Original Article Is endocrine surgery research dying?
Joel T. Adler, Herbert Chen
Department of Surgery, University of Wisconsin, Madison, WI
Received January 1, 2010; accepted January 6, 2010, available online February 15, 2010
Abstract: Surgeon-scientists are uniquely positioned to make improvements in patient care. With stagnant NIH funding and increased grant applications, government-sponsored endocrine surgery research may be declining, thus compromising the training of future surgical investigators. We evaluated if NIH-sponsored endocrine surgery research has decreased. Grant funding of all United States active and senior members of the American Association of Endocrine Surgeons (AAES) in 1998 and 2008 was obtained from the NIH Computer Retrieval of Information on Scientific Projects (CRISP) database. All NIH grants between 1996-1998 and 2006-2008 were abstracted. There were 210 and 260 eligible members in 1998 and 2008, respectively. From 2006-2008, fewer members (8% vs. 13%, P = 0.05) had NIH funding for all research, and fewer members (3% vs. 6%, P = 0.05) were funded for endocrine surgery research. Grants per funded member did not decrease for all research (1.3±0.1 vs. 1.3±0.1, P = 0.99) or endocrine surgery research (1.2±0.1 vs. 1.1±0.1, P = 0.95). Of 24 members who had funding from 1996-1998, 8 (33%) maintained funding, while 4 of 12 (33%) maintained funding for endocrine surgery research. We conclude that fewer AAES members have funding after a ten-year period. Two-thirds of investigators no longer have funding, but the average number of grants per funded member is the same. This suggests that investigators are able to obtain and maintain funding once established, but fewer investigators are able to achieve this funding. Endocrine surgery training programs must continue to emphasize the development of future surgeon-scientists.(AJTR1001001).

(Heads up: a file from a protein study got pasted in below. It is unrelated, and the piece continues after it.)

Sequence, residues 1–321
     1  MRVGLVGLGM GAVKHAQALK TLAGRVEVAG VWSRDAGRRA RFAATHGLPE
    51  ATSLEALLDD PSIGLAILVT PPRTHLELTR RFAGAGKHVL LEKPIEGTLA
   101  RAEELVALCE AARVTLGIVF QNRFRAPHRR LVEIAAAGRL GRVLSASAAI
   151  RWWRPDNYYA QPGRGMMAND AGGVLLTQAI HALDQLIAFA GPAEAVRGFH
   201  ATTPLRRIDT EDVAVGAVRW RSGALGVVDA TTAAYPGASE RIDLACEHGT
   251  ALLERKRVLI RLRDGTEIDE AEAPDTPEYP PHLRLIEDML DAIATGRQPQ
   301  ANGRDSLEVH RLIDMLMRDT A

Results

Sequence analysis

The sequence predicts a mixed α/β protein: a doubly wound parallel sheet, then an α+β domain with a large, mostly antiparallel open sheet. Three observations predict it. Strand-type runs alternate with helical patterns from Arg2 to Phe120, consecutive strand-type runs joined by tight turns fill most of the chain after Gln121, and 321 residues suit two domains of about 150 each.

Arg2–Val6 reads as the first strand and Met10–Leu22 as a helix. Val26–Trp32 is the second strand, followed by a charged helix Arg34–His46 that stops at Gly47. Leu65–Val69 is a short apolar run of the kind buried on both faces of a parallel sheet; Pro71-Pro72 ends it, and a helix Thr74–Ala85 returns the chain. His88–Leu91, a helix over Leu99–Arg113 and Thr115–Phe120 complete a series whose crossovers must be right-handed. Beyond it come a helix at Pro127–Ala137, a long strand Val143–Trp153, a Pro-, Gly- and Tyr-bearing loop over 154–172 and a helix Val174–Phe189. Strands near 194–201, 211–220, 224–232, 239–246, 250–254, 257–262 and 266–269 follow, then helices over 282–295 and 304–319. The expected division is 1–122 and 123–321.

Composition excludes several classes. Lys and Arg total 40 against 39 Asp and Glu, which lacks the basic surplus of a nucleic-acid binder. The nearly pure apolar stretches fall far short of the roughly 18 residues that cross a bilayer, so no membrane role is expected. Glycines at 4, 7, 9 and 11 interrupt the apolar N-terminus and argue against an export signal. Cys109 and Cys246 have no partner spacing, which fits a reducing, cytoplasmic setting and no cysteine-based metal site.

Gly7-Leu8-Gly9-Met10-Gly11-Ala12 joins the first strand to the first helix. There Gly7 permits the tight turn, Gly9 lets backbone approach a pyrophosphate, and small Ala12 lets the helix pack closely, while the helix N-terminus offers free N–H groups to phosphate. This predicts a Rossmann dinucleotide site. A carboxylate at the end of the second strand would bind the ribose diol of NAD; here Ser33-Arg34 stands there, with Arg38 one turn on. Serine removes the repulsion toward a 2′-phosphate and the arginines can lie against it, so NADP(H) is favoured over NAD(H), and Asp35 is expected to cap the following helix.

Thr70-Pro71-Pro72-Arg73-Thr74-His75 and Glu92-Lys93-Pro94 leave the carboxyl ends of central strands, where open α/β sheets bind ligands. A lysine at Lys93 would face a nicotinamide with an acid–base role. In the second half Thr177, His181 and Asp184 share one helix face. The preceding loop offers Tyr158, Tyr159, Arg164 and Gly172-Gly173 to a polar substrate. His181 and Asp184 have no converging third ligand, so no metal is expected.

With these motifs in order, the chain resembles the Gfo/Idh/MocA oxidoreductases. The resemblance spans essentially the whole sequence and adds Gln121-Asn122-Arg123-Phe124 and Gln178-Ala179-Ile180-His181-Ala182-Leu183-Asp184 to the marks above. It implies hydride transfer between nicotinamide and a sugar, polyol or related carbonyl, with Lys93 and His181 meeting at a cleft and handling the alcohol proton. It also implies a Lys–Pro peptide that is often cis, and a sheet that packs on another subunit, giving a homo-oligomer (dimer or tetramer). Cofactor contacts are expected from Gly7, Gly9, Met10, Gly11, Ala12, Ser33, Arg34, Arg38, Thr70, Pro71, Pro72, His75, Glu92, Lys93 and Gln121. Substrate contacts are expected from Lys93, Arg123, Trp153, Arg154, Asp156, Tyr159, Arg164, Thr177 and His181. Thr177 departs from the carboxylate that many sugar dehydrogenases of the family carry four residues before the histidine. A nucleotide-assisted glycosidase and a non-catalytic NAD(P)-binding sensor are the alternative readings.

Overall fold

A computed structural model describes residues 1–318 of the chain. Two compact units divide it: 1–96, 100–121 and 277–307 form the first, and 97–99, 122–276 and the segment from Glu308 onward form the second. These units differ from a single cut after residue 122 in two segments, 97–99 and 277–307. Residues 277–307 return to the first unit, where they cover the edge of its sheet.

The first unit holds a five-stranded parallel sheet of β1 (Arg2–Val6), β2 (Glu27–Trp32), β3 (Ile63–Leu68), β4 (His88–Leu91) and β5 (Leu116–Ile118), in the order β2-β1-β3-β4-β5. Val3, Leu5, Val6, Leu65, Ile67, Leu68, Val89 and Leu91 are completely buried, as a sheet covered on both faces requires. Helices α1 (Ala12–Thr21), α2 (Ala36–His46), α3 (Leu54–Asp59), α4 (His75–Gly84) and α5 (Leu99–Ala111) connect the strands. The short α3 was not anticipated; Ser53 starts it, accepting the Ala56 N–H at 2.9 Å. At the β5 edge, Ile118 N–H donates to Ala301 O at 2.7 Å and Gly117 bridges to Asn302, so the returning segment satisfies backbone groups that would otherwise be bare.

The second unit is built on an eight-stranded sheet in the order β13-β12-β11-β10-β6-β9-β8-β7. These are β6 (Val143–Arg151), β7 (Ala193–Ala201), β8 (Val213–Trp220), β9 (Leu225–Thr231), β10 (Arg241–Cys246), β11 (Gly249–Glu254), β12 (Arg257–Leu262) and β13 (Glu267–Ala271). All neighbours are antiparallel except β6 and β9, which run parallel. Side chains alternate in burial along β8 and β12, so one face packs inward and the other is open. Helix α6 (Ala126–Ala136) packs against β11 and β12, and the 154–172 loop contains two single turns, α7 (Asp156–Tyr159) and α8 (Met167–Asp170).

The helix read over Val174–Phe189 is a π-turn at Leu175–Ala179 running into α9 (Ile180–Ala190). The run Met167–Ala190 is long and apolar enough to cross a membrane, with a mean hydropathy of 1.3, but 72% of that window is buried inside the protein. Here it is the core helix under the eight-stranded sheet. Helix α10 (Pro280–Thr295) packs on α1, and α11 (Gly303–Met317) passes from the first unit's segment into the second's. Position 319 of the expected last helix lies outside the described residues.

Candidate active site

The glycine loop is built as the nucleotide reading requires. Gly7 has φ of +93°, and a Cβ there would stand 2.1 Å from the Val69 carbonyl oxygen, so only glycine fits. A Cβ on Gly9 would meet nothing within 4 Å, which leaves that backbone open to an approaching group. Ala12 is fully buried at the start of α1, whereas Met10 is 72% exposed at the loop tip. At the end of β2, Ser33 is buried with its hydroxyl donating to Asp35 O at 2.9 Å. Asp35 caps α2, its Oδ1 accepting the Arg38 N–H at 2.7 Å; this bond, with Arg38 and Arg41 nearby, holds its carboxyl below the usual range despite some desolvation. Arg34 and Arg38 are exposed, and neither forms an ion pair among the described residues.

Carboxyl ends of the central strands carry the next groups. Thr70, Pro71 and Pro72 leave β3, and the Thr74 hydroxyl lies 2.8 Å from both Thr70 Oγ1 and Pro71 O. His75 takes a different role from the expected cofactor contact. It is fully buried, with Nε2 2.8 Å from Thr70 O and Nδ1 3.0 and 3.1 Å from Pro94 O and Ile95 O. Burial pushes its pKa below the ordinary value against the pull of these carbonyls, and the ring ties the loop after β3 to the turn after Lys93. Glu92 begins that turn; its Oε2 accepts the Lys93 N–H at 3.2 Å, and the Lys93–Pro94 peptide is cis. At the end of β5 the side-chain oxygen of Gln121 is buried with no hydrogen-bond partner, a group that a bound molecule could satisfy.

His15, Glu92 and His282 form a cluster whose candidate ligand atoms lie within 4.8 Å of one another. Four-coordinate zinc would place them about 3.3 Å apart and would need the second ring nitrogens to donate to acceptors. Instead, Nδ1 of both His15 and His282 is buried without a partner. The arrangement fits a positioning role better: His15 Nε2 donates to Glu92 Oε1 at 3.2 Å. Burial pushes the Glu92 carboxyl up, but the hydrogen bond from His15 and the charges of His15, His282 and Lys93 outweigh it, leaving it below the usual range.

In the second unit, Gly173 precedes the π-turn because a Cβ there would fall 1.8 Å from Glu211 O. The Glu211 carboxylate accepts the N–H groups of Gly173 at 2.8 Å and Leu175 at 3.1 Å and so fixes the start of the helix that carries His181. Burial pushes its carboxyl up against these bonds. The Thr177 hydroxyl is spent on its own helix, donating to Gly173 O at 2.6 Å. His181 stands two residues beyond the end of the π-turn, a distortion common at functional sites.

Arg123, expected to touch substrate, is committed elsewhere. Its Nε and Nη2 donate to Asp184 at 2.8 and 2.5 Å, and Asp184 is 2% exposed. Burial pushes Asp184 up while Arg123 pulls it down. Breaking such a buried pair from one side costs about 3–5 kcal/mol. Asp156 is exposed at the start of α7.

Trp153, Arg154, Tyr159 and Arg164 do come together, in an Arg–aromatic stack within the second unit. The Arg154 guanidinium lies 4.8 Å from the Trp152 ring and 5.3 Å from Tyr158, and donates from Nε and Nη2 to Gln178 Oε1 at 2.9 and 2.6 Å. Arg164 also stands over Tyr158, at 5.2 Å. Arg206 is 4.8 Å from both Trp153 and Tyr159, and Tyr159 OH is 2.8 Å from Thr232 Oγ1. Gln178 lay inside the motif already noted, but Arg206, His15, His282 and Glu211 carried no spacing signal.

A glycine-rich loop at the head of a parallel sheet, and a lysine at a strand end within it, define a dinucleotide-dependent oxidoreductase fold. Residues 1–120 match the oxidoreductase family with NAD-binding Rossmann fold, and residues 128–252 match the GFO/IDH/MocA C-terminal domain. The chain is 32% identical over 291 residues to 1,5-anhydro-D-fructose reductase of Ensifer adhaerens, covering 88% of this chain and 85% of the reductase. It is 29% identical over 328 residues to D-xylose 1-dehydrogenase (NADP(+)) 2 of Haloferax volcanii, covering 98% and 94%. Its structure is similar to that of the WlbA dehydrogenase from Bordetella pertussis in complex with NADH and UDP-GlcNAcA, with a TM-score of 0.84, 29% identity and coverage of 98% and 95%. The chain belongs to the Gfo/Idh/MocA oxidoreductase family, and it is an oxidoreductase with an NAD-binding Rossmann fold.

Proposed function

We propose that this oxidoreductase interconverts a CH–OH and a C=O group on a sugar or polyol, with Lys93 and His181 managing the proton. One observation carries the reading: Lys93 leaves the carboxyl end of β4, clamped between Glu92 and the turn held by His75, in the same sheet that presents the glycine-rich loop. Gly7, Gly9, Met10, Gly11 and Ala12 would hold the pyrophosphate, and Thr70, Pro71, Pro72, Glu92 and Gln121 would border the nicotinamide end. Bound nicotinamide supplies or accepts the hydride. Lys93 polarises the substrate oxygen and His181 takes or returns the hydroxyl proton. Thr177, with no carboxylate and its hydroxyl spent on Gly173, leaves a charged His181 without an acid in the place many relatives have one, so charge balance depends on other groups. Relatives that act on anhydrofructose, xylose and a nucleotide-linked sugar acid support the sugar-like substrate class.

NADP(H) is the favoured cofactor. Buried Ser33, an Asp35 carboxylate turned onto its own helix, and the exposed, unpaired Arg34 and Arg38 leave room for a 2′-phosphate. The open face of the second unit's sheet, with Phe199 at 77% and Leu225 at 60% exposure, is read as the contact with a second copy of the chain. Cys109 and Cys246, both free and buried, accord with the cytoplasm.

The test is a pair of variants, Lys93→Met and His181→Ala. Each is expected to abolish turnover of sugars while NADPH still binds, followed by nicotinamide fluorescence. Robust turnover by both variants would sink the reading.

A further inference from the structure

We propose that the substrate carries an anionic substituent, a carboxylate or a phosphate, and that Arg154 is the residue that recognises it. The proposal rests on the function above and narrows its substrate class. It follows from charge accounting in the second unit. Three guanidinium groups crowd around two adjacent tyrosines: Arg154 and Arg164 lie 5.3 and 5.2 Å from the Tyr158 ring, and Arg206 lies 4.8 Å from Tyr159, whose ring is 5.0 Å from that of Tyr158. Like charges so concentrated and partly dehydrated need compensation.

Key words: Endocrine surgery, research funding, surgeon-scientist, surgical research, endocrine surgery research, education